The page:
Operation 1418 depicts generating a security context that includes a ticket, the ticket configured to allow the client to acquire content from a storage service selected from a plurality of storage services. For example, an authentication service 118 of internet based service provider 108 may create a ticket. The ticket may be operable to allow a client 102 to acquire additional tickets for content located at storage services 114 through 114-N. More specifically, a user account service of web portal may issue a ticket granting ticket that may be used by a user's computer to acquire tickets for content such as movies, videos, files, and or pictures located one or more websites such as Yahoo!®, Google®, MSN®, and the like. Another example may include a user account service of MSN® that creates a ticket granting ticket for a personal computer. The ticket granting ticket may be used by the personal computer to acquire tickets that may subsequently be presented to an affiliated website such as Yahoo!®, or Google®, to obtain files stored on their websites.

Operation 1420 depicts generating a security context including a ticket, the ticket configured to allow the client to access applications and services from a storage service For example, authentication service 118 of internet based service provider 108 creating a ticket. The ticket operable to allow a client 102 to acquire tickets to access programs hosted by a storage service 114. More specifically, user account service of web portal issuing a ticket granting ticket that may be presented to an application hosting website to obtain applications such as web applications, e.g., thin clients, or applications such as word processors, spreadsheets, and/or videogames from the application hosting website that hosts the content.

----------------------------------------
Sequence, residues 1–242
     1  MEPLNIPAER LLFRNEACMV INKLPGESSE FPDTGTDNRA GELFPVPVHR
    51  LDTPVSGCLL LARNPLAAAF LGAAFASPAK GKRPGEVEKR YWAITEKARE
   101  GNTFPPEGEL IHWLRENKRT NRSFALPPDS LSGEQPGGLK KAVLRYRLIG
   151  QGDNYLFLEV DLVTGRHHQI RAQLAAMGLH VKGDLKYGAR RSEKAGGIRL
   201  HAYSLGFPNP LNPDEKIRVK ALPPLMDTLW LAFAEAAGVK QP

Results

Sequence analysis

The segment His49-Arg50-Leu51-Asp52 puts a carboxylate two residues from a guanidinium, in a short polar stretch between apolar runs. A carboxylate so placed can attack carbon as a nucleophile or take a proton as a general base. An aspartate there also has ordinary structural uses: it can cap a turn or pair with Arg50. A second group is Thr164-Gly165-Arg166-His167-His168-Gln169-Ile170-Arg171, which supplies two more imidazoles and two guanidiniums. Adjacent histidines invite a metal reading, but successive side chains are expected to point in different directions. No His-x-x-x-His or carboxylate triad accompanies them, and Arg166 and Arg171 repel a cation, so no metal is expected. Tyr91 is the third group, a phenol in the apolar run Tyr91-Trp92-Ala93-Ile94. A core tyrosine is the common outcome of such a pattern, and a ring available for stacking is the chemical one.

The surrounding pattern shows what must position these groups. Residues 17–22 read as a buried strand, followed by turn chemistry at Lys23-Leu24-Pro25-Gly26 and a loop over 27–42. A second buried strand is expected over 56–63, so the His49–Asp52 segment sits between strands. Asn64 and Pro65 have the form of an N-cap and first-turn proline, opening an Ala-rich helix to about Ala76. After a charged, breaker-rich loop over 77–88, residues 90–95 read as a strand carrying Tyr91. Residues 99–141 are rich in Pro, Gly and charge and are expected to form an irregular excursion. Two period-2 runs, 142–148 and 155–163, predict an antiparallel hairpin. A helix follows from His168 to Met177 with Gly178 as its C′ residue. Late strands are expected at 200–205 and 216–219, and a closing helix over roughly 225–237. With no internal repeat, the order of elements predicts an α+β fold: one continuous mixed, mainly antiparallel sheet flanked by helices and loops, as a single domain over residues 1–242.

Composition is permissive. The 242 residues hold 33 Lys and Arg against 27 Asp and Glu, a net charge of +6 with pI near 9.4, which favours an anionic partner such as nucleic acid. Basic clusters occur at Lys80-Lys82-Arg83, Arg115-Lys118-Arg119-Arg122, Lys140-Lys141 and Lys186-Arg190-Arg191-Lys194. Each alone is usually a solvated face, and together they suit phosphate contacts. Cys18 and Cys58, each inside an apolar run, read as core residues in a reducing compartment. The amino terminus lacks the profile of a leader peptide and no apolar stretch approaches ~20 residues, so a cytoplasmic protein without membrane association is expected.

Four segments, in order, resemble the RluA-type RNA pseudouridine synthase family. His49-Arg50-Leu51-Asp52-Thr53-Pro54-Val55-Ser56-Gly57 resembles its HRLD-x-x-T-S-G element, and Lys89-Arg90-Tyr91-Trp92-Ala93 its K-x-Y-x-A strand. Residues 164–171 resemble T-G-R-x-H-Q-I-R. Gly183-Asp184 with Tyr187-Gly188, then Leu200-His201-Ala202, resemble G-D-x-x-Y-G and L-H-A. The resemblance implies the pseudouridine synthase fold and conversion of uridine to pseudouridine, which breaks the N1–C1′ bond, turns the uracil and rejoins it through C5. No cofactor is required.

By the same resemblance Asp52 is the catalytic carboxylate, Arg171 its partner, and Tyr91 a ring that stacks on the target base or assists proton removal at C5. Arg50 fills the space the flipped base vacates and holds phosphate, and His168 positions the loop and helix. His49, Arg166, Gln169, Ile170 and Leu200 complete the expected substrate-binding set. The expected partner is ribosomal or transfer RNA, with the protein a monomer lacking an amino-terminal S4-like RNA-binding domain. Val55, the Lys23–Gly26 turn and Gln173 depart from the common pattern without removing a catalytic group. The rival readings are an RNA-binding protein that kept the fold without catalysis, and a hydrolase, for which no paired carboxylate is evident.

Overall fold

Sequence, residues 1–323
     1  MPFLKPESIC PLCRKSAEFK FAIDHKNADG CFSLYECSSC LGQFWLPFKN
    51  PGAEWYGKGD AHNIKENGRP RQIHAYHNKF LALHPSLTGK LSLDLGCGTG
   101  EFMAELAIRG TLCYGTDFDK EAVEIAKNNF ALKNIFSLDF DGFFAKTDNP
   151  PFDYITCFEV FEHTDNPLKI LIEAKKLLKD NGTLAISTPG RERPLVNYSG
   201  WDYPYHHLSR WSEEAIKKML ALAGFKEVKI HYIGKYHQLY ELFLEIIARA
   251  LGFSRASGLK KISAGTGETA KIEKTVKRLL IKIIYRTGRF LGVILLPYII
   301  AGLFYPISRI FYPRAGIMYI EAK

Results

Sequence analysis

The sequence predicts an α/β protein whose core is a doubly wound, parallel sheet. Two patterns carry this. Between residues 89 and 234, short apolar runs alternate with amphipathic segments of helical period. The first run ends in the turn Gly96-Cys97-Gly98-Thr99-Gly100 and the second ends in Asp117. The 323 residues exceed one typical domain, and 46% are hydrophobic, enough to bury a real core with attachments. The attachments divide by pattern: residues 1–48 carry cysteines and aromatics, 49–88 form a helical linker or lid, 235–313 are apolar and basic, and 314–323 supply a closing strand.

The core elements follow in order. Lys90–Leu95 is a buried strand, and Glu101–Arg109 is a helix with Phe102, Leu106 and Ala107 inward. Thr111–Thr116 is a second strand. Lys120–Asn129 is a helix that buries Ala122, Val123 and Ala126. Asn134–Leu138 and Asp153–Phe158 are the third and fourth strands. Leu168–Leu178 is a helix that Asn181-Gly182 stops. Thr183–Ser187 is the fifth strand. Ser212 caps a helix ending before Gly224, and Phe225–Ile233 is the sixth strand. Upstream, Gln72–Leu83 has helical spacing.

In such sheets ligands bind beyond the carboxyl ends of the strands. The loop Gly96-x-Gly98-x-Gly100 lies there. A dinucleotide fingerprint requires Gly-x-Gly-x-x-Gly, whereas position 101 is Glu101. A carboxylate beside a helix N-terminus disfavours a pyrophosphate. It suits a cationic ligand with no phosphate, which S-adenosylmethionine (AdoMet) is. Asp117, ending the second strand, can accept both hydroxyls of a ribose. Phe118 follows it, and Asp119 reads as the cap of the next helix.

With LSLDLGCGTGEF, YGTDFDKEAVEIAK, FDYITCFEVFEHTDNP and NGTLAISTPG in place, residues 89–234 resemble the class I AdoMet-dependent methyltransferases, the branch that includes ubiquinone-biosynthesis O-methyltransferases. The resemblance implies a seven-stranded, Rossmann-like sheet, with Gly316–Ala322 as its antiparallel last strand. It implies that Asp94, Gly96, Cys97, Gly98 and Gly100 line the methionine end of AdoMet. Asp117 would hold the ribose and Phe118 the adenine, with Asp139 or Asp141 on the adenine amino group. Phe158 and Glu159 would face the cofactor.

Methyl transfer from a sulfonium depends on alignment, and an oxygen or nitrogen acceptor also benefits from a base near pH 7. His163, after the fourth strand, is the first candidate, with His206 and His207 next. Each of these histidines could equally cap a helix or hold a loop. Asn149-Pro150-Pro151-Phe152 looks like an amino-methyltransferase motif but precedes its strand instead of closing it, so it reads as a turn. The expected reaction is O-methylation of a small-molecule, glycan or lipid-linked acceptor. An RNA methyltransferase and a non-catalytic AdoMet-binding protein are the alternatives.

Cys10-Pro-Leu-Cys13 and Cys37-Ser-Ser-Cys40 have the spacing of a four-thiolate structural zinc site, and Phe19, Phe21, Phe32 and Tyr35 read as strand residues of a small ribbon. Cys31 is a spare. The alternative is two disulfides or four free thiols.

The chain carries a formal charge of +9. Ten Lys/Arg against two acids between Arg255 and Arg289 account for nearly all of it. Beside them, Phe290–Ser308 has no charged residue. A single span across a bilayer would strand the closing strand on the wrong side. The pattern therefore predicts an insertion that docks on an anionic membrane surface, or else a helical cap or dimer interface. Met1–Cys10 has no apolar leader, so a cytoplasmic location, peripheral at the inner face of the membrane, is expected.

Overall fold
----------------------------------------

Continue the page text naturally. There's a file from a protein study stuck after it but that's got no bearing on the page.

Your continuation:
Operation 1422 depicts generating a security context including a ticket, the ticket configured to allow the client to acquire from a storage service a common view of a user's computing environment across one or more clients. For example, an authentication service 118 of internet based service provider 108 may create a ticket. The ticket may be operable to allow a client 102 to acquire a ticket for a common view of the user's computer environment stored on a storage service 114. More specifically, user account service of web portal may issue a ticket granting ticket that may be presented to a website in order to obtain a common view of a user's computing environment from the website. Even more specifically, MSN® may create a ticket granting ticket for a personal computer. The ticket granting ticket may be used by the personal computer to acquire a ticket that may be presented to a website that stores the look and feel of the user's computing environment so that each computer that the user 101 logs on to has the same desktop picture, the same file structure, and the same internet favorites.

Operation 1424 depicts generating a security context configured to allow the client to create an access token, wherein the access token includes security information for a logon session. For example, authentication service 118 of internet based service provider 108 may create a unique account identifier that includes one or more statements about the user 101. The computer system 102 may translate the unique account identifier into a security identifier that includes privileges and place the security identifier into an access token. More specifically, a user account service of a web portal may create an ID that includes claims about the user 101, e.g., statements made about the capabilities of a user 101. The ID The may be used by the local security authority of a computer system to create an access token that includes a security identifier and a list of privileges associated with the user 101.

FIG. 15 illustrates the operational flow 1500 representing example operations relating to facilitating a computer logon session that optionally may include one or more of the operations 1502, 1504, 1506, 1508.